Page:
“I’ll not trouble you with an excess off ceremony,” I said. “You’ve all already been made aware of the breaches of the Terms the Hunted Magician has been accused of. For the sake of formality, I will list them once more: aid to an enemy of the Grand Alliance, unprovoked assault on allies and accessory to attempted murder. As representative for the villains under the Terms, these are the charges I will lay against him. Do any of you intend to present further charges, or contest those I have laid down?”

“I do not,” the First Prince calmly said.

“No,” the Lord of Alava bluntly said.

Vivienne silently shook her head, but like me her eyes were on the White Knight.

“Yes,” the White Knight said.

My fingers clenched around the length of dead yew in my hand.

“Elaborate, White Knight,” I said.

“Your charge of ‘accessory to attempted murder’ would attaint the Red Axe of said attempted murder before she’s stood trial of her own,” Hanno said.

Which was, I grimly though, actually a good point. Sure any idiot could tell I was right to call it that – there wasn’t a lot of room for interpretation in the act of hacking a sword at Frederic’s neck – but the Terms functioned because I passed judgement for villains and Hanno for the heroes. Neither of us could or should trespass beyond that boundary.

“I’ll not withdraw the charge,” I said, “but I would offer assurances that I would not consider the Red Axe in away attainted by it.”

“Callow agrees with such a compromise,” Vivienne calmly said.

It was a cheap trick, agreeing with me quickly to put the pressure on others, but that didn’t mean it wouldn’t be effective.

“Levant agrees as well,” Lord Yannu dismissed.

Cordelia’s cool blue eyes were slightest bit narrowed in thought, but she did not hesitate as soon as she was satisfied she’d parsed out the implications.

“The Principate is in agreement,” she flatly stated.

Eyes went to Hanno, whose frown has deepened ever so slightly.

“I am wary of influencing opinion in another trial even with such a compromise,” the White Knight said. “Yet I can recognize that opinion is not bound to be settled by law, and so it should not be objected to on such grounds. Under such an assurance, I withdraw my objection.”

Well, first hurdle passed. From there, it was mostly a matter of presenting to the tribunal what I was making my own judgement on. By Henrietta Morley’s practiced hand my witnesses were brought in one after the other, those made to present in person at least. Unprovoked assault was the easiest to prove, so I started with that: two scholars who’d been made unconscious by the gas, a healer to certify none of those affected had any lasting consequences – which would have made it more than mere unprovoked assault – and the Magician confessed to the theft of the canisters and their use when pressed.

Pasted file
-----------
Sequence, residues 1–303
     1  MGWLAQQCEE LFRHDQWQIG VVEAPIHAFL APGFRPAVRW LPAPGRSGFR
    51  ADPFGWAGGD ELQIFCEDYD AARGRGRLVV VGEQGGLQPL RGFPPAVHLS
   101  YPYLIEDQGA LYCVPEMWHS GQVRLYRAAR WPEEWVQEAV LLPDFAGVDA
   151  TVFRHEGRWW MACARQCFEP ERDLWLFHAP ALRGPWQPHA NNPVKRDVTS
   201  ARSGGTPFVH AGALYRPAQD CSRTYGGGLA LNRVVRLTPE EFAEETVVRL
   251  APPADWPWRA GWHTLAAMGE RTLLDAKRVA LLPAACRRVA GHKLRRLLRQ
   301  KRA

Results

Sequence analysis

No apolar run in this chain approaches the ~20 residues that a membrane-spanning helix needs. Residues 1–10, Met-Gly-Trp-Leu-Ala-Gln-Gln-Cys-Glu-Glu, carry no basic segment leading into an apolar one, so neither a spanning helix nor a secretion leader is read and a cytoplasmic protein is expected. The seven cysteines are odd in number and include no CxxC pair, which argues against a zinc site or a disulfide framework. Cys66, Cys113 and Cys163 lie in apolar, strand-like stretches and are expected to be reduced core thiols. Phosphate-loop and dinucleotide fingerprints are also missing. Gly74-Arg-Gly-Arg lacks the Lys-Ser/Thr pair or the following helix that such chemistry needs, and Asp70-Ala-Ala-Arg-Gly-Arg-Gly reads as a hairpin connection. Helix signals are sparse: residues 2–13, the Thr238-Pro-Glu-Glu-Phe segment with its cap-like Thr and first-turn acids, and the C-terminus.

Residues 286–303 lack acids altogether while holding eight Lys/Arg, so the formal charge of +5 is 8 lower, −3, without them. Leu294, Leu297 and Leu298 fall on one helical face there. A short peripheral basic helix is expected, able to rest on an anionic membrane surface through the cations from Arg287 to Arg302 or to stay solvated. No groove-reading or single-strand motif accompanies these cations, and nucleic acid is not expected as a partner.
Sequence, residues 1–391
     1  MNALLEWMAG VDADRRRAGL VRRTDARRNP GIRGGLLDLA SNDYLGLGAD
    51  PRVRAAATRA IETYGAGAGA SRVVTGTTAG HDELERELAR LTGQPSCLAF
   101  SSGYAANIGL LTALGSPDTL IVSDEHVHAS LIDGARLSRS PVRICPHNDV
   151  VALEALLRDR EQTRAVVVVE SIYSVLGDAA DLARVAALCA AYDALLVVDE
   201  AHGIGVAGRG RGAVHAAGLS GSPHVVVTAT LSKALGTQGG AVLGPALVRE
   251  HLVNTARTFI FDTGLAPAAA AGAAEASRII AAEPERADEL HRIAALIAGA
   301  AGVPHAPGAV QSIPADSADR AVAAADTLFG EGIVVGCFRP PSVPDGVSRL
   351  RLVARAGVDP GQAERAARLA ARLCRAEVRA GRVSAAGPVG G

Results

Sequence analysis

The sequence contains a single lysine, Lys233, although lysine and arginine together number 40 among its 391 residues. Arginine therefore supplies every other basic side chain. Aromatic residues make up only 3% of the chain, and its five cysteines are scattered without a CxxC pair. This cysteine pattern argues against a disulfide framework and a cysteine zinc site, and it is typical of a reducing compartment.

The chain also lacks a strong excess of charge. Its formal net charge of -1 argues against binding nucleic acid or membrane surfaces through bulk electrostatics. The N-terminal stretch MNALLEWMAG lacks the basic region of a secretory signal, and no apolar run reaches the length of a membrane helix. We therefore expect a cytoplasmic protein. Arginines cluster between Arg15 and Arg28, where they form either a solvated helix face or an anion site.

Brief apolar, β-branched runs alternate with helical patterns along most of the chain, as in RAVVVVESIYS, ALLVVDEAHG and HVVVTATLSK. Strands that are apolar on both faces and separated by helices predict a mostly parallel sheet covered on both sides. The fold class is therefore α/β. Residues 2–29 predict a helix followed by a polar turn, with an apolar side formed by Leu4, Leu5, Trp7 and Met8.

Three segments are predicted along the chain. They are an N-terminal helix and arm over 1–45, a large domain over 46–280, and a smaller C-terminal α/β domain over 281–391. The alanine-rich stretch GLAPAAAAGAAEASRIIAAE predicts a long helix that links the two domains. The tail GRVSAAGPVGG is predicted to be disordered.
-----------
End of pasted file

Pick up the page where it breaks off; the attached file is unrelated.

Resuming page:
“If the canisters were stolen, why is theft not being laid as a charge?” the First Prince asked. “I believe those were property of the Principate, as well.”

The Concocter had made those as a possible tool for Cordelia to quell riots bloodlessly, apparently, and created them using Proceran coin. But I’d known about this in advance and prepared for it.

“The canisters remained the Concocter’s property so long as they were in the Arsenal, and she’s declined to lodge any grievances,” I said. “Lady Morley?”

The noblewoman had a signed statement by said Concocter backing up my words brought forward, and after it was made clear that the loss of the canisters and their content would be folded into the repair budget for the Arsenal after the raid instead of forcing Procer to pay for the same goods twice she had no further objection. We moved on to the slightly trickier one, accessory to attempted murder. Two officers – one Levantine and one Callowan – were brought to describe the illusion woven, which had been of the Prince of Brus acting and speaking aggressively. Marave spoke up for the first time, just to make sure his countrymen would face no retribution for baring steel on a prince of the blood, and lost interest as soon as he was reassured this was the case.

My case for this was weaker, and in truth some would have folded it into ‘aid to an enemy of the Grand Alliance’, but I was actually doing the Magician a favour here. By making him part of someone else’s attempted murder, in this case the Red Axe’s, I was preventing him from being accused of having tried the same thing only on the Bard’s behalf. Trying to get a prince of the blood – and hero – killed for the Intercessor would warrant steep consequences, while helping a heroine in her own fumbled attempt was not quite so grave. He wasn’t a fool, and he obviously knew the Terms in and out, it was almost eagerly that the Hunted Magician confessed to an act I had only moderate proof of him having carried out. After Yannu Marave watching out for his fellow Levantines I got no interruption, and we swiftly went on to the last of the charges.